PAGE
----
I stepped down from the stairs into the lobby. The doorway was no longer blocked by trolls, their sludgy remains coated the cobbled outside. They must have been hit by the falling fragments.
“Sir are you in there?” A male voice called from the street. It sounded familiar
I hurried through the doorway to be greeted by a very relieved looking mage. I had a collection of names floating around my head but I couldn’t match one to the face.
“You are alive sir, thank the heart. We worried that you might have run into more than you could handle. Commander Telsan sent me to find you once the battle was over.”
“Is anyone hurt?”
“We lost Jedas.” He stopped talking for a moment, the loss was very fresh, but he blinked and focused. “Everyone is fine, a bit scuffed up but all in all we came out of it with acceptable losses.” There was a bitter twist to the words, which I ignored. The man had a right to mourn the loss of his friend and teammate and I wasn’t going to take that away from him.
“And the invasion?”
“The monsters are gone. Mainly dead. They fell apart not that long ago. We have fortified the headquarters. We even had a few civilians join us. Not that many were hurt. It’s common to get monster attacks here. So they were prepared. They can fight, far better than we can honestly. They didn’t touch magic at all. They don’t talk all that much though.”
“Let’s get back to headquarters then, I need to see where we are at.”
We walked through the smoking streets, passing corpses and body parts, all monster parts.
“Can we get some people collecting the parts? I know the alchemists will want access to all of it.”
“Yes sir. Commander Telsan mentioned the same. An operation is being planned for in the morning. Everyone needs rest first and foremost.”
“Of course.” I walked next to the attentive mage, he was older than I was by a good decade but he didn’t seem to have lost his youthful attitude.
“Was it as bad as it looked?”
“Yes sir, it was. I’ve never seen the like. We fought hard to stand still. Niven is treating everyone he can. It was close. I don’t know what happened; the monsters just seemed to lose interest. The glowing bits in the sky fell like rain. They screamed. It was horrifying sir.”
“Well it’s over for now. Don’t worry too much about it. We need to get the city back into shape.”
“That may be easier than expected. The civilians are very talented, no men though. It seems to be a city of women.”
That made sense if what Lessor said was true, that all men served in the king’s guard. Why had we never heard of them though?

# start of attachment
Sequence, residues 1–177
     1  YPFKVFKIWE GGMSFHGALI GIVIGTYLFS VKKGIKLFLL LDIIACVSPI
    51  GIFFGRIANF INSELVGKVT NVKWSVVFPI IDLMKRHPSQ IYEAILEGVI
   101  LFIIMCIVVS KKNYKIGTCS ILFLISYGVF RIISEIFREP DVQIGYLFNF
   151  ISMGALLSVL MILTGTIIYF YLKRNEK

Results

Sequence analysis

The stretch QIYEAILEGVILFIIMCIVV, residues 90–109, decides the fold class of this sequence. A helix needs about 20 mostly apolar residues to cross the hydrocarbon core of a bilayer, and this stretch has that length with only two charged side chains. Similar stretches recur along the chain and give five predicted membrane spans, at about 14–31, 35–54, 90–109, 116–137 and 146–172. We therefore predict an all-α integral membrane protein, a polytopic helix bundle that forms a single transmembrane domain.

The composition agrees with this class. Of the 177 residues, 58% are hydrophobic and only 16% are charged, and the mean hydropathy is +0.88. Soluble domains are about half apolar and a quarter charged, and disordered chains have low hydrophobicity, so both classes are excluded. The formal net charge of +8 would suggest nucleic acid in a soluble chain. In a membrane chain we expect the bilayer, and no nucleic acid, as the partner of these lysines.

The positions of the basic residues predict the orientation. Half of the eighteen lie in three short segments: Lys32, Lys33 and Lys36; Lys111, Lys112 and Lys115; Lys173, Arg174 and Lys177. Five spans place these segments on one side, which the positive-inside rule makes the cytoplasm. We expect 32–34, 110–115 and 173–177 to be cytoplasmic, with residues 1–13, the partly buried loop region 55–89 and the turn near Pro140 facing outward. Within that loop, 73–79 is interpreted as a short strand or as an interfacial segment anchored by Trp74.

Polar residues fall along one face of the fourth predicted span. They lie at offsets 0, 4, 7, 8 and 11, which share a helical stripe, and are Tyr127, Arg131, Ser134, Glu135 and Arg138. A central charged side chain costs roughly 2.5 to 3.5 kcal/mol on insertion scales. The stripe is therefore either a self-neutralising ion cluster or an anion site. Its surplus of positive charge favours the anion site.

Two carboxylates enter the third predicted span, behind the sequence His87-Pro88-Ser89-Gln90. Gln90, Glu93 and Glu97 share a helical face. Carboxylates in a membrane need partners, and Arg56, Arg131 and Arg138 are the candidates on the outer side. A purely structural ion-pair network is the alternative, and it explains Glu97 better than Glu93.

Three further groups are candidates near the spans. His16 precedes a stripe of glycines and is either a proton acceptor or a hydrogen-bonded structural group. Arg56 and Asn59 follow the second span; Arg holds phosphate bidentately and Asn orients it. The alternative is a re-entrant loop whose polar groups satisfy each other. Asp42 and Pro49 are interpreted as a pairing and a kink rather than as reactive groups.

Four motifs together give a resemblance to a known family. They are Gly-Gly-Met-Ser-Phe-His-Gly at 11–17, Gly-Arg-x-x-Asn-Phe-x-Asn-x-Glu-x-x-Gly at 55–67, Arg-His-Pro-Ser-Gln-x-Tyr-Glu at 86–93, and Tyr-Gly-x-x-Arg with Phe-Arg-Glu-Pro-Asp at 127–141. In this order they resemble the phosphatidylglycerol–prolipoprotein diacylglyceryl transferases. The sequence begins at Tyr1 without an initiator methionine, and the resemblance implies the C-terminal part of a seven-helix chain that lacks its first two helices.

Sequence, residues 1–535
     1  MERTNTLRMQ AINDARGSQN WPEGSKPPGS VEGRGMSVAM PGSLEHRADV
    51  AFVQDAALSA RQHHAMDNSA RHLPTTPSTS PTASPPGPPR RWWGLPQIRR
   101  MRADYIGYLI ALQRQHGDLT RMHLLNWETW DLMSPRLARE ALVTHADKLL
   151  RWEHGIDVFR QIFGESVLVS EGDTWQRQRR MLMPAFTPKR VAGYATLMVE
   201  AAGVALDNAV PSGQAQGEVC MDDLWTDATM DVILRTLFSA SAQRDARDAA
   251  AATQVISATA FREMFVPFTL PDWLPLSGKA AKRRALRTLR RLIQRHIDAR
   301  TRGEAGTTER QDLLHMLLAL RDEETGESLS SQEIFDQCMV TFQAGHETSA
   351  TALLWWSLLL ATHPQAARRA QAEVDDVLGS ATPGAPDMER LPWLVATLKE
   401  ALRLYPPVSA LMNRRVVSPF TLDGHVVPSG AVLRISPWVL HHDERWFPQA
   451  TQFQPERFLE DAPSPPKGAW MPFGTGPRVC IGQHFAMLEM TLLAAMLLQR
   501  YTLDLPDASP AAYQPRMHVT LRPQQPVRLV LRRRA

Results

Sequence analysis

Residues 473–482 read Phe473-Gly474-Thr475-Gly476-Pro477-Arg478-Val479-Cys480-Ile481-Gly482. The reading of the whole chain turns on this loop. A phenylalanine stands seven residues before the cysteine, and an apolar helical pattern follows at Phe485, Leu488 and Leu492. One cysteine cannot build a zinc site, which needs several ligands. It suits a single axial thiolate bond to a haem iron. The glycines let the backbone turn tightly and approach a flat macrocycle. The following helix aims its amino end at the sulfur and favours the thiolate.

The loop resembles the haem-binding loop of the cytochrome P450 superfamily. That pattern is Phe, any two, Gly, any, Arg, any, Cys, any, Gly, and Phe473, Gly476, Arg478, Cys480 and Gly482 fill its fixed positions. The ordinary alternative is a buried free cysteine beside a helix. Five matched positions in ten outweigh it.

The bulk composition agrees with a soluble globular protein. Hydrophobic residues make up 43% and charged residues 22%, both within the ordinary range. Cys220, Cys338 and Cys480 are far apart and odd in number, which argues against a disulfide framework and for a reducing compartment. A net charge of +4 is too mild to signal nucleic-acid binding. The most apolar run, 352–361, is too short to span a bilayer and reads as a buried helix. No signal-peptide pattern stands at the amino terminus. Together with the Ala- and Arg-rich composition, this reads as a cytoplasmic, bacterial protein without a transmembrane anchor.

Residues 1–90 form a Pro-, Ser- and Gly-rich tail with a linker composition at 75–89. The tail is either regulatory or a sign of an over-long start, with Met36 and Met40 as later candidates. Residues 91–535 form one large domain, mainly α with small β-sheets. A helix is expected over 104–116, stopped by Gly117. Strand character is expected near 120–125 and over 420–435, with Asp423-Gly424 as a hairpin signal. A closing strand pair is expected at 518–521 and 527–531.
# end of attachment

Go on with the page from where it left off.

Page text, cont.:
We stepped over rubble from the broken streets and around the surprisingly intact buildings. The smell of smoke filled the night air mixed with other less pleasant scents. A strange silence pressed down on us, smothering any desire for further conversation.
This section of the city had seen hard fighting. The walls of surrounding buildings were scarred and torn. I didn’t look with my other senses. I didn’t want to see what they could show me.
The headquarters wasn’t far away. I could see it. The platform I had raised was largely intact although a chunk had been crumpled at the front, forming a ramp.
Alice leant against the front of the platform, her bow strung but resting on her shoulder. A clay pipe sat between her lips, the sweet bluish smoke of burning tobacco wreathed her face. She nodded to me; a small smile twisted her lips as she removed the pipe.
“Mage boy, good to see you again. Your boys can put up a fight, but they were outnumbered so me and mine lent a hand. It is our home after all, can’t have the new guys showing us up. Just a few stragglers left, we can handle them. It’s good to know we aren’t alone anymore.”
“Anytime. It’s our job. You are ours now.”
“Nope. You are ours. That’s how it works isn’t it?”
I laughed. “Yeah pretty much. Thanks for the help.”
“It’s our home. It’s what we do. The guard will be home in the morning. They missed the fun but their recent contract is up.”
“We will need to get in touch with them.”
“Of course. I doubt you could keep them from your door. You have done us a service. I dread to think what would have happened if you hadn’t been here to keep the monsters off us.”
“Oddly enough, no. There were a few injuries and we have some people that haven’t shown up yet. But one of your men is setting up healing. We are good. You look done in. Check on your men. We will be in touch.” She put the pipe back between her lips and sauntered off into the night.
“Strange woman,” I commented.
“Yes sir. They showed up in the nick of time. Our position was breached, we had moments at best before being overwhelmed, then there they were.
I said nothing just made my way up the broken platform. The doors to headquarters stood open, golden light spilling out. It looked welcoming after what felt like a long night. Telsan and Lysan stood watching for anything else. I received a nod from Telsan and a grin from Lysan